As a final project, I asked students to devise a fairly simply, practice-oriented hypothetical of their choosing involving transnational elements, and draft a research report detailing their process, along with a reference list of at least twelve sources, all of which should be evaluated within their research report.  Students described their projects in brief, five-minute presentations during our last class.

So, what did I learn?

  • My in-class assignments were always too lengthy and complex. Reduce and simplify!
  • My students seemed more engaged in class when divided into small groups to work on assignments. (I gave up, however, on asking students to demonstrate their work at the podium by class 4.)
  • I was a tad anxious that in assigning weekly, substantive assignments, I’d have too little time for grading during a busy time of year. Grading these assignments was a far lesser burden than I feared, and proved a valuable component of the course for several reasons:
    • they provided students an opportunity to practice skills discussed in class without time constraints,
    • they provided me a benchmark for student progress and comprehension, and
    • they provided me timely examples to review at the start of the next class and discuss common difficulties.
  • Allowing students to select their final project topics ensured that they researched a subject that was of interest to them, and often of use in other course or journal projects. I was pleasantly surprised by the variety of topics selected, though several were initially far too broad.
  • My greatest disappointment in the final projects was sloppy writing, which I perhaps should have anticipated in a pass/fail course! Alas, I will be adding spelling and grammar to my already detailed grading rubric.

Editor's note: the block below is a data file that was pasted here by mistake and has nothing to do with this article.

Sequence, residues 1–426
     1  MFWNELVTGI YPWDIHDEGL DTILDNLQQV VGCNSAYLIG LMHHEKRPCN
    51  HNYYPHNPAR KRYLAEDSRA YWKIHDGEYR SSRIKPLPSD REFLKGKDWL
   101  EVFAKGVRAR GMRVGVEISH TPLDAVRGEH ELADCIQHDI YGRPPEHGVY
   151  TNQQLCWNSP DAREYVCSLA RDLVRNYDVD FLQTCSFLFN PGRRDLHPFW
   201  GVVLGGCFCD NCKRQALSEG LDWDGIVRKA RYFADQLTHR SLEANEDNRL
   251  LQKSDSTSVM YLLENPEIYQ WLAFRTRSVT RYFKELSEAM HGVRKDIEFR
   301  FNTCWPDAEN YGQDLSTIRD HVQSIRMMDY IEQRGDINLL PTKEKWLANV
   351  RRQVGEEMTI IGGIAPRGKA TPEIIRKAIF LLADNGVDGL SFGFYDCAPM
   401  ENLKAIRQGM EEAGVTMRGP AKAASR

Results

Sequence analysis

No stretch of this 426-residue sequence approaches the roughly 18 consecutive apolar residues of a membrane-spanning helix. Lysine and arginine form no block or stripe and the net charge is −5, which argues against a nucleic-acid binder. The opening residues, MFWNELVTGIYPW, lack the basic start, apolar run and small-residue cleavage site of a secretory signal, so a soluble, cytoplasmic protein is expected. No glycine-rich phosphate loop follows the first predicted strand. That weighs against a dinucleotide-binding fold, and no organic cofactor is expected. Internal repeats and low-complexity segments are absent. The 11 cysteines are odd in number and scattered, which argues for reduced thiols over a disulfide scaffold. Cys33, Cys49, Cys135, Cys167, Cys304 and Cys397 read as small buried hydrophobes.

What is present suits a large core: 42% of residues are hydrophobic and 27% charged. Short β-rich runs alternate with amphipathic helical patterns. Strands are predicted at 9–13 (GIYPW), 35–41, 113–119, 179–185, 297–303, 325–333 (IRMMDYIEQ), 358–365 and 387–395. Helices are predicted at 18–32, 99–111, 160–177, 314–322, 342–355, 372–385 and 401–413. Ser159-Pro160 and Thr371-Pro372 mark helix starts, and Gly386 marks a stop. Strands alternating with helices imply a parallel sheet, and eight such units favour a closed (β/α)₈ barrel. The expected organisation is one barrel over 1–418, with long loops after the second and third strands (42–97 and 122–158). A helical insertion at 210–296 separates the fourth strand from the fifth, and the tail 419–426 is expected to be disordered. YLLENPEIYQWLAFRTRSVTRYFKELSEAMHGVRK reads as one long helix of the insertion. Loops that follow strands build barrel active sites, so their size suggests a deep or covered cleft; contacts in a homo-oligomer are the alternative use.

• In most instances, materials from colleagues provided me great ideas, but that I could not shortcut the effort of creating lectures and assignments that were current and suited to my own teaching style.

Overall, I was very pleased with the course, and took extensive notes on each assignment regarding students’ unexpected findings, difficulties, and ambiguities.  I also left this year’s IALL course with a host of ideas for future assignments!

New FCIL Librarian Series: Supporting the International Team Project Program

By Sarah Reis

This is the second post in a series of posts over the next year about adjusting to my new position as a foreign and international law librarian. I started my position at the Pritzker Legal Research Center at Northwestern Pritzker School of Law in February 2018.

At the start of this academic year, I took over as director of the International Team Project (ITP) program at Northwestern Law. In this program, students spend a semester studying the legal system, culture, and political system of another country and then travel to that country to conduct interviews with in-country contacts. Since the program started in 1999, students have conducted research in more than 40 countries.